biometrics
  • Amazon has filed a patent about a next-gen hand scanner that takes two sets of 15 images of your hands.
  • The first set concerns the outer skin surface while the second dives deeper into the ventricular structures.
  • The goal is to implement reliable customer authentication systems, and we’re likely to see them first on Amazon Go stores.

As reported by “Patently Apple”, Amazon has filed a patent for a non-contact biometric ID system that could cover a very wide spectrum of applications. Obviously, the American tech giant is interested in deploying such a system on their “Amazon Go” stores, which is an innovative cashier-less convenience store chain operating on 18 locations already. People enter Amazon Go shops, grab whatever they need from the shelves and then exit with the products. The payment is done via their Amazon account and involves the scanning of a QR code on their smartphone.

The stores deploy a large number of cameras, deep learning algorithms, sensors, and other transaction and automation-related tech. If contact-less biometrics find their way inside Amazon Go stores, much of the required tech will be removed as it won’t be needed. From the entry systems to the reliable authentication of the customer’s identity, a fast and accurate method to get the biometric data of a store visitor would be crucial. Certainly, the same system could be deployed to locations such as offices, hospitals, libraries, etc., but Amazon Go is the obvious choice for a testbed.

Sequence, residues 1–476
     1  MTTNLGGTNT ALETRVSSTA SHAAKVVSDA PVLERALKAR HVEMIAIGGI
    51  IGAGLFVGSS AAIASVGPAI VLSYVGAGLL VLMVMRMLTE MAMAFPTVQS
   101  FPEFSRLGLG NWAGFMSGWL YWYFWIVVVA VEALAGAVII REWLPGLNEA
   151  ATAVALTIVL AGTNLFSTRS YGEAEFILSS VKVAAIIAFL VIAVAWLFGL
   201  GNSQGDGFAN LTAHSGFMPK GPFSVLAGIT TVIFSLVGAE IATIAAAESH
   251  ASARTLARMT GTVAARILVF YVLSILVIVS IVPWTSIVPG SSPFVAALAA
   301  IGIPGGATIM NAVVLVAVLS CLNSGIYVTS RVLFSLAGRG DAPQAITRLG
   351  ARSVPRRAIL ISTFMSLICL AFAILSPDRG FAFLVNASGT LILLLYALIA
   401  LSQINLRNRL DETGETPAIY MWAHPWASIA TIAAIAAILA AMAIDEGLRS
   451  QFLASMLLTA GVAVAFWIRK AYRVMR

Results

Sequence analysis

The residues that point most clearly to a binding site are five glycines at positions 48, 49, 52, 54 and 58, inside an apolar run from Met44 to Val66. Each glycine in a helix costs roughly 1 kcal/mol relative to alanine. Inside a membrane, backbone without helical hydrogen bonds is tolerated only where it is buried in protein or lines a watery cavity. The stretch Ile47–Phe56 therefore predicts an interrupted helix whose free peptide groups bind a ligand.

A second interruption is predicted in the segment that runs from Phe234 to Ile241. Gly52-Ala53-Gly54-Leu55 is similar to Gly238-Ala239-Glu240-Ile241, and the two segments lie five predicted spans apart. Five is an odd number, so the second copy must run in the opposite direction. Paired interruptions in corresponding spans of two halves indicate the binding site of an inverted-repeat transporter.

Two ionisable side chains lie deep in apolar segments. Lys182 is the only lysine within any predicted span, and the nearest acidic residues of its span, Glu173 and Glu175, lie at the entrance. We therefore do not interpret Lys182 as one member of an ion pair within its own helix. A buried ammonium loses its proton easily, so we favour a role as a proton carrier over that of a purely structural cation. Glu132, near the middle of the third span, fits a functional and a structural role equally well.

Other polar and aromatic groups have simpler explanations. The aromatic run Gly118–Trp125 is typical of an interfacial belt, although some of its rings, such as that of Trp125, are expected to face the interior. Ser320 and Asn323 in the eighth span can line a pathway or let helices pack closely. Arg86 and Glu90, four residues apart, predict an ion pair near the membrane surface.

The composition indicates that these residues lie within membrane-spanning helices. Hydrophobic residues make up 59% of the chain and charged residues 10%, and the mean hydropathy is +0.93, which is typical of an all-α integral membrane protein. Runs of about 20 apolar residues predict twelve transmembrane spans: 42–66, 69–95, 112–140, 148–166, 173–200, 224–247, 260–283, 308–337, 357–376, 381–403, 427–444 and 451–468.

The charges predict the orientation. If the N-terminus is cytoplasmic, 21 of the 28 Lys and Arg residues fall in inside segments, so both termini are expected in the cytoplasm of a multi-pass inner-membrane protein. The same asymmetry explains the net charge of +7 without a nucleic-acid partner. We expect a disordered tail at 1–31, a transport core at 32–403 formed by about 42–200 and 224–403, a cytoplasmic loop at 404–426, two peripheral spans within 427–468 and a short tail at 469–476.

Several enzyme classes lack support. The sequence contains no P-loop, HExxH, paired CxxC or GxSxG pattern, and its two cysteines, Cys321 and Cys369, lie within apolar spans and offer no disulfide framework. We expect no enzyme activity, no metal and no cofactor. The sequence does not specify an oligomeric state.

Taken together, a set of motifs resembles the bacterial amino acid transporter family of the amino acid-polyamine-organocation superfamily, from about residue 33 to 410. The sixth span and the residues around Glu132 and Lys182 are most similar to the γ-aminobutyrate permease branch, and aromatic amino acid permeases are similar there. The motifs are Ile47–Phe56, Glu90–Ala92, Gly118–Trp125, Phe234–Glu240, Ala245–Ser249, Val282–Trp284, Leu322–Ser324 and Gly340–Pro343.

patent image
Source: Patently Apple

As for how it’s done, Amazon’s patent illustrates a hand scanner that acquires raw image data of a customer’s hand. The scanner takes the images in two steps, changing the polarization of the infrared light that is used. Thus, the first set of images depicts the lines and creases onto the user’s palm, while the second set captures veins, bones, and characteristic soft tissue structures. If you remember, Apple had patented a similar system back in April 2019, exploring advanced biometrics for authentication and capturing vascular, vein, artery, blood perfusion, connective tissue, skin pigmentation, and tendon patterns. For now, we have seen products using this, so it may or may not concern a future version of Watch, or a system to allow entrance to Apple Stores.

Amazon is interested in setting up a central system that would receive this data and correlate it with user accounts. This way, shopping preferences would be registered automatically and targeted advertising would become possible. The most important thing though is the reliability of these systems. Biometrics eliminates the possibility of identity fraud and lift the operational limitations of more traditional systems. However, they introduce the risk of personal data breaches, and biometric data is the only type that we can never reset.

Do you mind using your biometric data to enter a store, or are you open to these new-age authentication systems? Let us know where you stand in the comments section down below, or on our socials, on Facebook and Twitter.